GOODIE MOB: CeeLo Green, Big Gipp, Khujo, & T-Mo
Drop City Yacht Club
815 V St. NW
Washington, DC, 20001
GOODIE MOB: CeeLo Green, Big Gipp, Khujo, & T-Mo
The pioneering Southern hip-hop group, Goodie Mob, is one of the most celebrated rap acts to come out of the hip-hop hotbed of Atlanta, GA. Formed in 1991, Goodie Mob’s original and current group members include CeeLo Green, Big Gipp, Khujo, and T-Mo, who all grew up together in Atlanta alongside the rest of the Dungeon Family - the musical collective of Southern rappers which includes Andre 3000 and Big Boi of Outkast, Goodie Mob, Organized Noise, and Parental Advisory. After officially joining forces in the early 90s, Goodie Mob put out their debut album Soul Food in 1995, which was certified gold in the US and is recognized as the album that put Atlanta’s rap scene on the map. It was also on their debut album that the phrase “Dirty South” was actually coined and the group also showed fans that they were different by rapping about heavy social and political issues such as racism, discrimination, geo-politics, and gentrification. After the success of Soul Food, Goodie Mob then later released two more albums, Still Standing (1998), and World Party (1999), which were both also certified gold in the US.
Now after 14 years, Goodie Mob is back in the studio finishing a new album entitled, Age Against the Machine, which will be released on August 27th, 2013. The first single off the forthcoming album is entitled “Special Education” featuring Janelle Monae, available on iTunes June 18th, and the new album will also feature fellow-Atlanta native T.I.
The last time fans heard from Goodie Mob was the release of their one-off single “Fight To Win”, which hit iTunes over the summer of 2012 and is an anthem of liberation, motivation and determination to always fight to win in life (a motto that the Goodie Mob lives by). Goodie Mob premiered “Fight To Win” on NBC’s hit show The Voice with an explosive performance in April 2012. Goodie Mob was also invited to perform the new single at the 2012 Billboard Music Awards, as a tribute to The Beastie Boys and the late Adam “MCA” Yauch. Additionally, basketball fans will recognize “Fight To Win” as the Official 2012 NBA Playoffs theme song,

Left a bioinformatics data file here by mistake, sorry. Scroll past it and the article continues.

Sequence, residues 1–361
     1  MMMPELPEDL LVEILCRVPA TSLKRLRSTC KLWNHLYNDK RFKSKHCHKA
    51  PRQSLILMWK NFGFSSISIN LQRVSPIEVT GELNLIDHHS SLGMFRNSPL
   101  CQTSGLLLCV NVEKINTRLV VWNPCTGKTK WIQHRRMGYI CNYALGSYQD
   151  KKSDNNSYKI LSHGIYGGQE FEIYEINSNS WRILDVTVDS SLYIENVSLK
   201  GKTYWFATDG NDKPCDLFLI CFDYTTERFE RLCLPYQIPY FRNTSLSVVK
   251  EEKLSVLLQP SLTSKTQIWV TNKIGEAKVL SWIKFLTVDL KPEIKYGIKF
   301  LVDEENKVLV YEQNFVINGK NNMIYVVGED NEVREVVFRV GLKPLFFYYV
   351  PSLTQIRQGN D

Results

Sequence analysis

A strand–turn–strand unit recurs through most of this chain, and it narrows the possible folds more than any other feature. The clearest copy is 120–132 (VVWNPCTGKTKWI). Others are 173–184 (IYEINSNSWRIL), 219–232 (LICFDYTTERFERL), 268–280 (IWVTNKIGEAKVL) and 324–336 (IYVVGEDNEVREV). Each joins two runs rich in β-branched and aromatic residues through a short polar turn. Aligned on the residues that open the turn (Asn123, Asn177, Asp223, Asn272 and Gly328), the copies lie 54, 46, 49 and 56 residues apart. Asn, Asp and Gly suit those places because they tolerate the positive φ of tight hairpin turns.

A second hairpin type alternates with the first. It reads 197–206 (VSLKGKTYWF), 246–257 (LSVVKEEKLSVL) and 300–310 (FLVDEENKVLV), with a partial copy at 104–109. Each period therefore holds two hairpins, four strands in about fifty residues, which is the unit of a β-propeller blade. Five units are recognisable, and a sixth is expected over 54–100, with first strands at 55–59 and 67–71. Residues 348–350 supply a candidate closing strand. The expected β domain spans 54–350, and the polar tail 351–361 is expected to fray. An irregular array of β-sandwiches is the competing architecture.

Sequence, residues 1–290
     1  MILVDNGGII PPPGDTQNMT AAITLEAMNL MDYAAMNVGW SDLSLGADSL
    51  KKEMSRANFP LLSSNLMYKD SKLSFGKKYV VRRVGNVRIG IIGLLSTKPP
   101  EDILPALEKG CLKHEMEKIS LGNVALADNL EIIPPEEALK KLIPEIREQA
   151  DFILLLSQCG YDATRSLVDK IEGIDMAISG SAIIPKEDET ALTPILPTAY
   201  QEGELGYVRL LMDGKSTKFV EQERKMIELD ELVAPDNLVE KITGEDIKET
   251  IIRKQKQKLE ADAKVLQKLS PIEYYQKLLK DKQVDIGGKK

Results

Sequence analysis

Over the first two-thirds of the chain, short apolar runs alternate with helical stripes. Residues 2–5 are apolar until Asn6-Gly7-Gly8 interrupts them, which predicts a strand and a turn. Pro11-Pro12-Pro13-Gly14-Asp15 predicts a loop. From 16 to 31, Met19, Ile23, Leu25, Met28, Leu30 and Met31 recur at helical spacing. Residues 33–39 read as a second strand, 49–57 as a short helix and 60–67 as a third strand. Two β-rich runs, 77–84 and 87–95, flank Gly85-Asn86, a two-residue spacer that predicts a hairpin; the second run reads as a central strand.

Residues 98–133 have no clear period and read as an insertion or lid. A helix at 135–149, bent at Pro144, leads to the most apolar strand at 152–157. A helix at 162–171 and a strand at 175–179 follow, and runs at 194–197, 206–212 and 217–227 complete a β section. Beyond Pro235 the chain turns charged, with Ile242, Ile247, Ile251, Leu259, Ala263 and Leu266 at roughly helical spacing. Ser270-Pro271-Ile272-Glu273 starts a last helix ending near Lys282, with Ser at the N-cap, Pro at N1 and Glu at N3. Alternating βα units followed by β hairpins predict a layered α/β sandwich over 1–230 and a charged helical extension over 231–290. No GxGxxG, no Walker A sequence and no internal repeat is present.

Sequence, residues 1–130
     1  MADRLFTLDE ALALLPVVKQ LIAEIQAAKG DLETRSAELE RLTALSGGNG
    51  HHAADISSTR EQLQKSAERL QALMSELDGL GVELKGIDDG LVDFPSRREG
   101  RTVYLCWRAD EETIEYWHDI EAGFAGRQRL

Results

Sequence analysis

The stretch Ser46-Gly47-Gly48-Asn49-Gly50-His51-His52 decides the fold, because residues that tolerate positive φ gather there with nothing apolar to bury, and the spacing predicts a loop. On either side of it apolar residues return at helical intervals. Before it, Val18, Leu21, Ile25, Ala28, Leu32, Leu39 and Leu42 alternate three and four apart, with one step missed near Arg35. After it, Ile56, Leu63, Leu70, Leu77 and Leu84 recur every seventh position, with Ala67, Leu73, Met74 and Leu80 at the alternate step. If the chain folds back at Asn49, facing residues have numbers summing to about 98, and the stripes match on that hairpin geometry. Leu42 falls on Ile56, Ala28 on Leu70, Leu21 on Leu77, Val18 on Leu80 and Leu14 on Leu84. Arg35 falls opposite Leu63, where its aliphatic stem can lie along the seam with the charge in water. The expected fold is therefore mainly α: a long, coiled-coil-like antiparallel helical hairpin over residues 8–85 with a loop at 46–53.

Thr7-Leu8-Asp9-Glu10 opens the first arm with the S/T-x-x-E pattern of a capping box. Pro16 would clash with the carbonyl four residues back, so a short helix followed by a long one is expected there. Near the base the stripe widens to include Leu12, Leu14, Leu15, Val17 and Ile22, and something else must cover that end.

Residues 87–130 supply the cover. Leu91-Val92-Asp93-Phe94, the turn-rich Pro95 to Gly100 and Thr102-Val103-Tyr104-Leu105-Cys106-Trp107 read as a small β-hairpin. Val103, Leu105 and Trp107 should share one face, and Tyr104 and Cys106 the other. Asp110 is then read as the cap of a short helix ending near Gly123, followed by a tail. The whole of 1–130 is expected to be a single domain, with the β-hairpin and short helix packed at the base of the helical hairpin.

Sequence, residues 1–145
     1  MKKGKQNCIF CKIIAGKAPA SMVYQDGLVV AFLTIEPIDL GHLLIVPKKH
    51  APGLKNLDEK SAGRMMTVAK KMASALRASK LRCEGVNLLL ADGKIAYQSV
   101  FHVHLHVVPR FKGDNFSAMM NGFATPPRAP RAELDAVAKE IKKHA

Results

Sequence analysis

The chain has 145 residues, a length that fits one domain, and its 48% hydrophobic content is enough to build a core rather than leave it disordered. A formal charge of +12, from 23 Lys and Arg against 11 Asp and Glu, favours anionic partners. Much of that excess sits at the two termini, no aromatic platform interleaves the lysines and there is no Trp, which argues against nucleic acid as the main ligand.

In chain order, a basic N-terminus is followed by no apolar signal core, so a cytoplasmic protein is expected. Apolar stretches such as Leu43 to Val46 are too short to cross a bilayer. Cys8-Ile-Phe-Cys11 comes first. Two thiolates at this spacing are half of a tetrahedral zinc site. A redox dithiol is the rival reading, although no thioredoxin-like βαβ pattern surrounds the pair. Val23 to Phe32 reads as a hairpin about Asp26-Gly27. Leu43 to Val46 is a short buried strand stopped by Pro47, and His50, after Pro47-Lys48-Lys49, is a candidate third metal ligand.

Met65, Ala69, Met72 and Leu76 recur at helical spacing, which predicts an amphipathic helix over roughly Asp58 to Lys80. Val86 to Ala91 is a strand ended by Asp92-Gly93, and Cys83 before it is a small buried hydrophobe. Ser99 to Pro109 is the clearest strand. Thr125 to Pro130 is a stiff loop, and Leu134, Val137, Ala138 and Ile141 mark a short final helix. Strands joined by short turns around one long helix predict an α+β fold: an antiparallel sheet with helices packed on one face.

and the track was also featured in the campaign to release the Samsung Galaxy SIII.
In February 2013, Goodie Mob surprised their fans by taking the stage during CeeLo’s Las Vegas residency show “CeeLo Green is Loberace” which is live at Planet Hollywood until April 13th, 2013 and is rumored to return for a second run later in the year. The southern rappers will also appear in an upcoming television commercial campaign for the Las Vegas Tourism Board and additionally have a reality TV show in development.
Critically acclaimed and commercially successful, Goodie Mob has built a strong and loyal fan-base and is eager to reintroduce themselves with the release of Age Against the Machine. Goodie
Drop City Yacht Club
Drop City Yacht Club doesn't front. In fact, the California trio—Kristo, A Wolf, and THX—will just as quickly rap about the girl who turned them down as the one that they took home. Writing and producing all of their own music, it's that kind of dynamic underdog honesty that makes these three gents so charming. Towing the line between clever hip hop, sly pop, and a splash of sun-soaked '60s rock, the group cruises down its own lane with a wide-eyed smirk.